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Wandel makes Doug Moe's Column
A Little History




Doug Moe:
Singer Etta James lived by her own rules

DOUG MOE                                                  January 27, 2012

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Doug Moe writes about Madison and the people who make it a unique place. His column runs Mondays, Wednesdays, Fridays and Sundays in the State Journal.

One of the last times Etta James played Madison, maybe the last time, June 2002, she was 20 minutes late taking the stage at the Barrymore.

James, who died last Friday at 73, was a supremely talented and versatile singer who could handle blues, jazz, rock and pop with equal ease. Her New York Times obituary quoted a Times critic saying James had "one of the great voices in American popular music."

She was also a formidable presence who lived by her own rules.

On that 2002 Madison visit, James' tour bus stopped at New Orleans Take Out on Fordem Avenue. James remained on the bus, and owner John Roussos took out some food to her. She had health issues that made pralines a bad idea, but the singer wanted pralines, and Roussos brought pralines.

"I felt guilty," Roussos was saying this week. "But what are you going to say to Etta James?"

My favorite James story — it touches on timeliness and rules — comes courtesy of David Wandel, a Madison business and nonprofit consultant who in 1989 was living in St. Louis and consulting for Contemporary Productions, which produced concerts and other events out of its St. Louis office.

Wandel, 66, who is originally from Chicago, moved from Missouri to Madison with his wife, Mary, in the late 1990s.

In 1989, the couple was in St. Louis. Wandel had just begun consulting with Contemporary, which had booked Etta James into the Westport Playhouse for an Oct. 14 show.

Wandel was in the audience for the show, which began with a comedian who told jokes, got a nice round of applause and exited the stage. A few minutes later, however, he was back. He said the theater was experiencing technical difficulties, and he told more jokes.

The audience began rustling and calling for James. Wandel left his seat and sought out the woman from Contemporary Productions who was in charge of the evening.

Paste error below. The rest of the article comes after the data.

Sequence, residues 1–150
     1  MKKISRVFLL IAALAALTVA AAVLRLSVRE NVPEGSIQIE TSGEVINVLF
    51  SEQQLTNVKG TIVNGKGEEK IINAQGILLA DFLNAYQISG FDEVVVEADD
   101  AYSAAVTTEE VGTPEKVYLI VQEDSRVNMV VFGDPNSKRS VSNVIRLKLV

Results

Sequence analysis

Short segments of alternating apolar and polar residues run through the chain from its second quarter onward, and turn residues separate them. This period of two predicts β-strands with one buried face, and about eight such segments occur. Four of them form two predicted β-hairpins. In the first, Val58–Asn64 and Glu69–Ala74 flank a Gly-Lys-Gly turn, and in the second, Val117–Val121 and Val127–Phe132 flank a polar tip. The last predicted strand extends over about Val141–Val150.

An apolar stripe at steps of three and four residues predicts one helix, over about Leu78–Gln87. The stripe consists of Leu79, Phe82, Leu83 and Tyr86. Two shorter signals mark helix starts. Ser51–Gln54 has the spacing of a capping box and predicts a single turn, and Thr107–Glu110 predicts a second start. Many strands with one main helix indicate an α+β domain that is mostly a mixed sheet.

She explained that the Contemporary vice president who was supposed to have arrived at the theater with $5,000 in cash for James and her band was nowhere to be found.

James, in a downstairs dressing room, was declining to take the stage without getting paid first.

It developed that the Contemporary man with the cash had been traveling and returned to St. Louis that day to find himself locked out of his house. The cash was inside. The man decided to try to go in a window. Instead, he fell off the sill and knocked himself unconscious.

"He turned out to be OK," Wandel noted, "with a slight concussion."

But he wasn't going to be at the Westport Playhouse with $5,000 anytime soon. Neither could anyone reach the two men who founded and owned Contemporary Productions.

Wandel made a quick visit to the dressing room, where it was confirmed that James and her band would not go on without the money up front.

Back upstairs, he asked the woman in charge if she thought the theater had $5,000 on hand from ticket and concession sales.

"I don't know," she said. "A lot of the tickets were sold in advance."

She was also not inclined to hand it over to Wandel without permission from the Contemporary owners.

Wandel recalled, "I said, 'I'll sign a note for $5,000 and give it to you.' Which is what happened. I literally wrote out an IOU."

They began to gather cash from the night's food, drink and ticket sales. When they reached $5,000 — without much to spare — Wandel stuffed it into a paper bag and went back downstairs.

Inside the dressing room, James was in full recline on a couch. The band sat on chairs. Wandel handed her the bag. "Five thousand dollars," he said.

James laughed and handed it to one of the band. "Count it," she said.

The show was already more than an hour late. Wandel reminded the singer that she had always been treated fairly by Contemporary in the past.

James said, "You are a nice white boy. I have been cheated and stiffed as a black artist so many times for so many years, I get paid up front. We will count the money."

They separated the bills in piles by denomination. It was $5,000.

"Let's play," James said.

"And she was great," Wandel recalled this week. He handed over a framed faded news clipping, a review, from the St. Louis Post-Dispatch. Wandel still keeps it on his desk.

"Etta James In Top Form After Getting Late Start," the headline read.

She sang well, too.

Contact Doug Moe at 608-252-6446 or dmoe@madison.com.